In addition to the stats, Appel has the tools. Mid 90s fastball? Check. Above-average breaking ball? Check. Promising third pitch? Check. Prototypical size? Check. Athleticism? Check.
So, really...what is there about Appel that makes him such a bad pick?
Fresh off a jaw-dropping performance (complete game with 18 strikeouts) in the series-clinching game of the state championship, Byron Buxton should enter next Monday with as much helium as any high school prospect in recent memory.
There's no question that he's the most talented player in this year's class. He has speed, power, pure hitting ability, great natural instincts, an immense love for the game and a legitimate chance to be a five-tool player at the next level.
Scouts rave over his ability and his athleticism, and he draws rave reviews for his polish, which is remarkable considering he played out his high school career in rural Baxley, Georgia (population 4,500).
The Twins have never been one to shy away from drafting high-risk, high-reward talent, making a similar move back in 2008 when they selected the toolsy-yet-polished Aaron Hicks.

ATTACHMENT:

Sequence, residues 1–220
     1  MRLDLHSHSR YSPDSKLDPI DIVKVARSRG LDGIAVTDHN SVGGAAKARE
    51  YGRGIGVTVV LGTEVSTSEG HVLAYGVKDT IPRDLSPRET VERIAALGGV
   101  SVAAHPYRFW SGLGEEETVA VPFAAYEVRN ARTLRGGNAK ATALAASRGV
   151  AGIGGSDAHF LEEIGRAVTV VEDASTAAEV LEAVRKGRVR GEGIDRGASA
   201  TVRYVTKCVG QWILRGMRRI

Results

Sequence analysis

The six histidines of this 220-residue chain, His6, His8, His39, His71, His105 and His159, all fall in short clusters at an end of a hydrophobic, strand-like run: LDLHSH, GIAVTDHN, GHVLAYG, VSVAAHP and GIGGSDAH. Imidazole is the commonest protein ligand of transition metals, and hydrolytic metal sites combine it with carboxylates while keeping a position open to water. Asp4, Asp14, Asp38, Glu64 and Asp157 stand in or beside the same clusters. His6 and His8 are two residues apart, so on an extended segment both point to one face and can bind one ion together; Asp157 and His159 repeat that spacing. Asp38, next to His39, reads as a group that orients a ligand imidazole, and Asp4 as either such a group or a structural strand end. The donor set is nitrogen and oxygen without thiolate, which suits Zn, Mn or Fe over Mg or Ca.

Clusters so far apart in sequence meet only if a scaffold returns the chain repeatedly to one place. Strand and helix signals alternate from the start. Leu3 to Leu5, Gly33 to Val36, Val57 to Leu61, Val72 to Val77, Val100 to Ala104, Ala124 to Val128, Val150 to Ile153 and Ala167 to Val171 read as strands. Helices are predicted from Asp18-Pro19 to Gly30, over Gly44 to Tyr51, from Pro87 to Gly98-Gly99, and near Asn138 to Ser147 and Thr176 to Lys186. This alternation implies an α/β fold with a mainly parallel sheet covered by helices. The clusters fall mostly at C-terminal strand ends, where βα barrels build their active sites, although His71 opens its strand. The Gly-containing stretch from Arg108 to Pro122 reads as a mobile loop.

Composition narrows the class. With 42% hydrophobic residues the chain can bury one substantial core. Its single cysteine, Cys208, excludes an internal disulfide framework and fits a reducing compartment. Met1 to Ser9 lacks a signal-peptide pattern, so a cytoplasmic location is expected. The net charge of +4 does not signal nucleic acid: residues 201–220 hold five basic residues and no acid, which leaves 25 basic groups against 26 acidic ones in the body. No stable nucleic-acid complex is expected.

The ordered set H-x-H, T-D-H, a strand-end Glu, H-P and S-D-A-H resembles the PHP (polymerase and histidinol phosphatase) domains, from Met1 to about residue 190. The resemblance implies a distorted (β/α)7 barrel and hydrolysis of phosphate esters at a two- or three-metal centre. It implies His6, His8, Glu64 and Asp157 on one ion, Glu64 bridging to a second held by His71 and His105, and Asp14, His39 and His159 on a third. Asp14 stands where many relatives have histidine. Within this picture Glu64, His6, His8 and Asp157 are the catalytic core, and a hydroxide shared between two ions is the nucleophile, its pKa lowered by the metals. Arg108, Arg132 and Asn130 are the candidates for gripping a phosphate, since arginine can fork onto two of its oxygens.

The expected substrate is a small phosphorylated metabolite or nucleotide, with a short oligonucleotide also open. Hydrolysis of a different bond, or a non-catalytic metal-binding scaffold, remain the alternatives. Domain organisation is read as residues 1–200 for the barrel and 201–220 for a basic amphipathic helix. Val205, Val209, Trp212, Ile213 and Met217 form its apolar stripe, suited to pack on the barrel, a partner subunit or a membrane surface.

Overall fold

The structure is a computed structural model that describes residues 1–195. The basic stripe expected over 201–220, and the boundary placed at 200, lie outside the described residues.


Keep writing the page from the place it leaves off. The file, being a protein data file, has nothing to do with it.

Hopefully Buxton can blossom into the kind of player Minnesota always hoped Hicks would become.
If I was picking first overall, Correa would be my guy, so the Mariners would be incredibly lucky to get arguably the top hitter in this year's draft class with the third overall pick.
Comparing anyone to Alex Rodriguez is premature and rather ballsy but, believe it or not, Correa has been so compared. His pure hitting ability is off the charts. He should hit for power as well, and could be the kind of player who hits .300 with 25-to-30 homers per season.